As companies compete to recruit and retain this talent pool, the revolution is already underway: open space and on-site work cafés, flexible hours and desk-sharing, an egalitarian esprit de corps, a portfolio of amenities — and a work culture that values the big idea, the bold brand and the better world.
“Millennials crave authenticity and creativity in their workplace and want to feel that their work truly matters,” says YPO member Andy Cohen, co-CEO of Gensler, a global architectural and design firm. “The workplaces of Google and Facebook are strong embodiments of the organizations’ corporate cultures. The majority of the employees at both companies — Millennials — have stated they are swayed more by a company’s perceived culture and dedication to mission than anything else.”
Tech companies have long been recognized as Millennial magnets but more traditional organizations are changing with the times. One of Bunting’s clients, the global consulting firm Accenture, is an example.
Taking a hard look at its 800-member Houston workforce — with 55 percent Millennials and 40 percent Generation X — Accenture worked with McCoy Workplace Solutions and Steelcase to implement sweeping changes. The transformation reduced three floors to one (from 66,000 square feet to 25,000 square feet) and shifted workspace from 90 percent individual offices to 90 percent shared space.
So far the results are promising. Accenture reports an increase of more than 25 percent in employee collaboration and communication. But the most significant metric is generational: the visibility and approachability of senior staff has increased by 41 percent — a huge achievement in opening communication channels between leadership and young workers.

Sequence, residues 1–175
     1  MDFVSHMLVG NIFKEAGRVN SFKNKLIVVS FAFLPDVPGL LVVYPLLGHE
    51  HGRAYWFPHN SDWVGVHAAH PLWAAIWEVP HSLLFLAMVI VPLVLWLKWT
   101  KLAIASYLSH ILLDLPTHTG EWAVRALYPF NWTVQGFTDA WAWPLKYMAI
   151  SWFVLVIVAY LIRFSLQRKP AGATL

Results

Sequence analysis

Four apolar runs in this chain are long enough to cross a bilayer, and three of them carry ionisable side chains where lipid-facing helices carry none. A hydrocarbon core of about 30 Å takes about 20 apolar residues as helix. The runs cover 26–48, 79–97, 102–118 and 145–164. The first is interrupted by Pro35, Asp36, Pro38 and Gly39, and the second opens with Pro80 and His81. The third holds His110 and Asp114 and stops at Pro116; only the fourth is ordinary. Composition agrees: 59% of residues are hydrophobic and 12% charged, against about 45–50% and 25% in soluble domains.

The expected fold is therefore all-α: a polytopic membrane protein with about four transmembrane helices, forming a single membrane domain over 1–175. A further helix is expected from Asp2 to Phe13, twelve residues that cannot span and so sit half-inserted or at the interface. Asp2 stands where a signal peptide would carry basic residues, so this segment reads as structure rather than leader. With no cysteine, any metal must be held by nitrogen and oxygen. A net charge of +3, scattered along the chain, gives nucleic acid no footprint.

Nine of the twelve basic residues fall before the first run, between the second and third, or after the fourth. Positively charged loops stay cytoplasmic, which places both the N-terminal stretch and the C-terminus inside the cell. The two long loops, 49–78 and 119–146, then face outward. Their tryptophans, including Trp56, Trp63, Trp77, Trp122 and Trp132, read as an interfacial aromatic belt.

The emerging sovereignty of open space
The raw space atmosphere of the garage startup has dominated the look of tech companies for years. Companies like Google and Facebook have “unboxed” workers on corporate campus playgrounds designed to tap the rich runoff of the unrestrained imagination. Even old-guard organizations like law firms are relaxing their rigid hierarchies when it comes to square footage.
But the quest for the ideal office continues, and the rise of collaboration and community, has produced the “bullpen” of the 21st century: open space. But far from evoking a cattle herd metaphor, this new space channels something else: the town square.
Jordan Goldstein, YPO member and managing director of Gensler’s Washington, D.C., USA, office, uses a neighborhood metaphor when he talks about the interactive potential of staircases and hallways connecting workers.
“There is no space that can’t become an important center of activity with the right design behind it,” says Goldstein. “A staircase can become an avenue of sorts between neighborhoods in an office, encouraging employees to pause and talk, while a hallway can be transformed by adding writeable surfaces on walls and casual café tables and chairs to encourage impromptu meetings.”
One of the biggest trends today is toward on-site “third spaces” — lounge or informal café settings where workers can brainstorm, hold a meeting, return emails or just chill. Joseph White, director of workplace strategy, design + management, for Herman Miller, likens these third spaces to plazas.
“Work has become inherently more social in nature,” says White. “These third spaces increase spontaneous interactions between colleagues, and those interactions provide opportunities for sharing knowledge. They are like plazas that spread energy and ideas throughout the entire workplace.”
The power of place
Innovation is untidy, elusive and a top priority for 97 percent of global chief executives, according to a PricewaterhouseCoopers survey of CEOs worldwide. No wonder businesses will do just about anything to achieve it. Experts say top organizations recognize the connection between innovation and environment.
“Today’s leaders instinctively understand that place matters,” says YPO member Jenny Niemann, CEO of Forward Space, a workplace consulting firm and Steelcase dealership. “They know that bringing people together in a place that unites them can be the first step to creating engaged and resilient employees. But this cannot happen in yesterday’s office.”